Anyone else have troubles with back pain (particular L3 and L4) while planking? I was trying to do the plank challenge and am very stuck on 1 minute. On a good day I can hold a minute. It's not that my core gets shaky and tired (i mean, tired, yes, but not anywhere near the "trembling about to collapse") it's that my lumbar spine - of which I do have extra curvature - hurts terribly. I do have a lower mirror so I can look at my back position. As flat as it goes (I can't fully straighten my spine...nor would I think that would be a good idea!), trying with a bit of a "camel hump", and letting my bum slouch a bit so my lumbar is less stressed, none of it makes a difference. I hit 45-60 sec and sharp stabbing pain takes me to my knees, literally. I thought maybe I just needed more time to work up to it, but fuck 30-day-plank-challenge, I'm stuck on day 11 (the last of the 60-second days) for two weeks now. I can continue on much longer from my knees. Is that like how women push-ups are often from knees because of our different structure? I do have a large chest and hips, and as I said, extra spinal curvature. Most of my weight is top-heavy due to my chest (the cause of my extra curvature, actually, my spine is a bit deformed to support the weight of my breasts). Curious if my body type is the cause, or if anyone else has this trouble.
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Samik
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Re: Planking for abs

Postby Samik » Tue Feb 04, 2014 5:02 pm UTC

Well, I'm a rather leaner male, so what works for me may not have any applicability to you...

But I do have significant, persistent back issues stemming from a rather severe back injury in college. That plus a genetic predisposition towards tendon tightening in response to exercise (I can't even drop down and do a spontaneous set of pushups without stretching out before and after, unless I want my shoulders to bind up and hurt at me for the next week), make injury/pain prevention a full-time occupation for me. (Also have a little spinal lordosis for good measure.)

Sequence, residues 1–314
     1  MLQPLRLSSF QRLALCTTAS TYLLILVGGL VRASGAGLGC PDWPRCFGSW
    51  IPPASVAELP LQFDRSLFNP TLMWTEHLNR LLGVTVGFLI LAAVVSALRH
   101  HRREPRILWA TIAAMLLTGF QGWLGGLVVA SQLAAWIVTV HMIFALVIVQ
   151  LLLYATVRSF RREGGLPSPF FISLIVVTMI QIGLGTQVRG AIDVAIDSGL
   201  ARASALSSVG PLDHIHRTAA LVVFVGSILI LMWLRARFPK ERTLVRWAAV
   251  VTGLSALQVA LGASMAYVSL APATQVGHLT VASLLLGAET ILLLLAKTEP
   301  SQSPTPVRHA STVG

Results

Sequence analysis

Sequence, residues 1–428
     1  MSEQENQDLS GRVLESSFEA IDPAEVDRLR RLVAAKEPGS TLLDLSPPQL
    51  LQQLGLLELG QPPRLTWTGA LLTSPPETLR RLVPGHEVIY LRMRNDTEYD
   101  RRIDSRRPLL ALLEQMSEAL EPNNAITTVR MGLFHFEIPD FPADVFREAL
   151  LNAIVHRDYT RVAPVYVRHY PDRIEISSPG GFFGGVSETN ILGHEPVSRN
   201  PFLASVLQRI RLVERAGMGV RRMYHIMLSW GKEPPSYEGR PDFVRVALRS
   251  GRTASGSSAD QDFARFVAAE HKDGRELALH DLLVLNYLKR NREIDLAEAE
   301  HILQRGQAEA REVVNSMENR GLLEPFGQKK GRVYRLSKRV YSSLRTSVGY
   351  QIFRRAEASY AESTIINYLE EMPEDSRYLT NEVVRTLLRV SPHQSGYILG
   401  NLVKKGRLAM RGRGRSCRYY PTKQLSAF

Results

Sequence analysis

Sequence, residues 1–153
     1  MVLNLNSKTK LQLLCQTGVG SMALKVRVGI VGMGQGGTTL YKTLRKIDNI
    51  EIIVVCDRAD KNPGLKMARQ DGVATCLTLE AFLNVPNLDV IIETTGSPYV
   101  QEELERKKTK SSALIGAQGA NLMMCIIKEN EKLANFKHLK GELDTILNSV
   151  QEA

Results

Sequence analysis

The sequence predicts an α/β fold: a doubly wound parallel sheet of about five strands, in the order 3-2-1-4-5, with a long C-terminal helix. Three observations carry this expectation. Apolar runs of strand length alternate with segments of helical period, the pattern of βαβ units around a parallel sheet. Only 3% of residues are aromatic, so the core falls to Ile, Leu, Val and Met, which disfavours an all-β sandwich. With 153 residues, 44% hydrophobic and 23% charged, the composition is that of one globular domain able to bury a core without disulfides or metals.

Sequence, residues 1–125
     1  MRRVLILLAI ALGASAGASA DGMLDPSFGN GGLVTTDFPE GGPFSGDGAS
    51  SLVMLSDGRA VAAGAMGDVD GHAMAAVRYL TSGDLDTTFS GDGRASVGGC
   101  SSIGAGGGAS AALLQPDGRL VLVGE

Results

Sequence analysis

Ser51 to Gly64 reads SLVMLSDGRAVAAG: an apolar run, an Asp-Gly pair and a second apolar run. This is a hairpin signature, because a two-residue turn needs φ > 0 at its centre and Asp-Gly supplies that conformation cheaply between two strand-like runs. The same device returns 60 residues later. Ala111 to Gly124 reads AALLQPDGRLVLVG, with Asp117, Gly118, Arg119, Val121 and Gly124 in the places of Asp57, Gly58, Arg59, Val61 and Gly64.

As a result, I've learned quite a lot over the years about how my body responds to exercise/stress/stretching.

With stretching in particular, I find it critical to give a lot of attention to range of motion. Touching your toes is no good alone. You've got to reach right, reach left, twist around slowly, standing up, sitting down... if stretching the groin you should be spending time slowly moving through a circle, from straight down in front of you, over to one foot, around upright, leaning back, around to the other foot, then back to front, then in reverse. Same for hip stretches - if down in the lunge position (one knee on floor, other leg forward with foot on ground), you can start with an erect posture, twist right and hold, twist left and hold, lean far forward, backward, etc.

Some of these positions will not even feel like much of a stretch compared to the traditional touch-your-toes-hamstrings-feel-like-they're-going-to-snap sensation.

But what I've basically concluded is that flexibility and mobililty has to do with everything: muscles, tendons, cartilage, nervous system, scar tissue (you should see what I have to go through to keep my ankles happy and strong - I'm convinced there's no actual bone remaining in my left ankle, just a huge mass of scar tissue in roughly the same shape that I have to keep breaking up)... the more comfortable you get your body moving safely and in control through a broad range of motion, the better.


In the case of the back, this means forward bends, back bends, sides stretches, long holds... and don't just focus on the area that hurts. Do upper back stretches, lower back stretches, hip stretches, hamstring stretches... it's a cliche, but "the hip bone's connected to the-" has a ton of validity; if one muscle group is nice and flexbile, but you have stiffness around it, you're still likely to have mechanical problems.

And take it from someone who knows: while neither stretching nor strengthening fix real structural damage, combined they do give you a little more margin for error before that damage begins to complain at you.


Ok, dissertation over. Who knows if any of that will be helpful. It was pretty vague, I suppose. If it's not clear from my brief descriptions, I can provide links to images/videos of some of the stretches I am talking about.

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Samik
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Re: Planking for abs

Postby Samik » Tue Feb 04, 2014 5:46 pm UTC

Well, I guess the above is pretty much the premise behind yoga and pilates and the like. Strength and flexibility through lots of motions.

In fact, in the years after I hurt my back it was pilates that really taught me how to keep it in decent condition. I didn't keep going with the classes, but learned enough to incorporate a lot of things into my own routines.

So perhaps taking a class might turn out to be something of value?